Addressing yet another pet peeve of mine: I often get asked a question along the line of
"where is the best ______ in the city?"
The blank can be filled in with an inquiry about pie, or burgers, or bread, or nihari. Or whatever.
The. Best. It's meaningless.
A couple of problems with that inquiry. First is the concept of "the best". In order to objectively answer that question, one would have had to establish a fixed set of criteria, and to have assayed every single iteration of the target foodstuff. Some people may obsess about California maki rolls, with some archetype ideal that they wish others to emulate. I applaud these people, but I don't follow them. The corollary to this is that since the archetype is built and reinforced, this involves the concept of "authenticity" which trumps the basic question of - "did it taste good?"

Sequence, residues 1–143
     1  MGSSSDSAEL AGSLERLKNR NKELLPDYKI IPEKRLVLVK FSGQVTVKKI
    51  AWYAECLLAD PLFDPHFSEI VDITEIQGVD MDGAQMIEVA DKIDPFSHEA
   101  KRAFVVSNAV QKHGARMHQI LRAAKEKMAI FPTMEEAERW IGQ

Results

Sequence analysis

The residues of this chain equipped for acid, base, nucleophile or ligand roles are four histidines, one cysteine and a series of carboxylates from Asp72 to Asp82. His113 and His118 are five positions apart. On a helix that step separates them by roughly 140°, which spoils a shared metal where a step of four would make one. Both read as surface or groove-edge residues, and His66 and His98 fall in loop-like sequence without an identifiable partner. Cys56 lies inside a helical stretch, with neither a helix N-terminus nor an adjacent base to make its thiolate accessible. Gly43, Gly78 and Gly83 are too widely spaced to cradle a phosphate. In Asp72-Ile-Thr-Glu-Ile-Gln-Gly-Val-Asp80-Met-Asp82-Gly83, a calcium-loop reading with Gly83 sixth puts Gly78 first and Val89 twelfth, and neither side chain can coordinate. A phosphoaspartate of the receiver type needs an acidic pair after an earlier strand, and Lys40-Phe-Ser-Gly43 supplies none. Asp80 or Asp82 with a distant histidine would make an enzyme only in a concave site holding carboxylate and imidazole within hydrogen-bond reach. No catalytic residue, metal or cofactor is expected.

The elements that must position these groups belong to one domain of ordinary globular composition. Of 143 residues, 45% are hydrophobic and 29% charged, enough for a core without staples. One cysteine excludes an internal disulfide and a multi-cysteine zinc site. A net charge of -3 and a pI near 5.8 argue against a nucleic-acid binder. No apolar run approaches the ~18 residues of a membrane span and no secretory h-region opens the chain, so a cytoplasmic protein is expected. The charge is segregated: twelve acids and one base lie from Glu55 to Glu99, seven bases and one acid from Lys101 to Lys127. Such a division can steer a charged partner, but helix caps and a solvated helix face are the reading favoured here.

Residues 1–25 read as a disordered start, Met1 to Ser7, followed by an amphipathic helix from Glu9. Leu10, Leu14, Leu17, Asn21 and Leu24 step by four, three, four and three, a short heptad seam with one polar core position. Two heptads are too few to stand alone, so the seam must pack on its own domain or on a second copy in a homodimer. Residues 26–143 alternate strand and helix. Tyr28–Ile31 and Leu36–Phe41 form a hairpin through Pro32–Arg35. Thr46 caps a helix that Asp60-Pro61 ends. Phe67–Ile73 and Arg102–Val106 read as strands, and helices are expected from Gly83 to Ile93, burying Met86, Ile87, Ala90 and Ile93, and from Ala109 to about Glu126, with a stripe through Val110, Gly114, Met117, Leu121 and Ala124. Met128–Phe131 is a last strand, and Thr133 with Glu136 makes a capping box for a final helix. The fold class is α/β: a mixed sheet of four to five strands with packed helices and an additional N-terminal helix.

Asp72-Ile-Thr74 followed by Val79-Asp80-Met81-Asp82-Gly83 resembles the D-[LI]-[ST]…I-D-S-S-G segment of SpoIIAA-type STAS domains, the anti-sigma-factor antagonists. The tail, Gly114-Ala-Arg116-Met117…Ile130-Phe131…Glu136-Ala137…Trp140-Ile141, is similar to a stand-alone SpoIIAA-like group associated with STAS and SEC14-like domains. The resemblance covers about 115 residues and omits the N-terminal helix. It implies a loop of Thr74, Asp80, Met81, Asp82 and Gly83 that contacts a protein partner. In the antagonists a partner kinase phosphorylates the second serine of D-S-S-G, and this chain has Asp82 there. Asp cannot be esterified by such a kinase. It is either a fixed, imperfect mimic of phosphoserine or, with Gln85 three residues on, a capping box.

Secondly, it smacks of culinary hyperbole. The idea that food can only belong in two categories: the best, or utter crap. And by definition, only one winner can emerge.
Truth is, perception is dramatically subjective, and what people seek when they eat out or procure food determines what they'll consider acceptable at that moment. And foods evolve, just as human culture evolves. General Tso's chicken in America wouldn't be recognized in China.
Of course, maybe I'll say that a certain place has the best _____ in town. Because it'll be the only place that sells that item.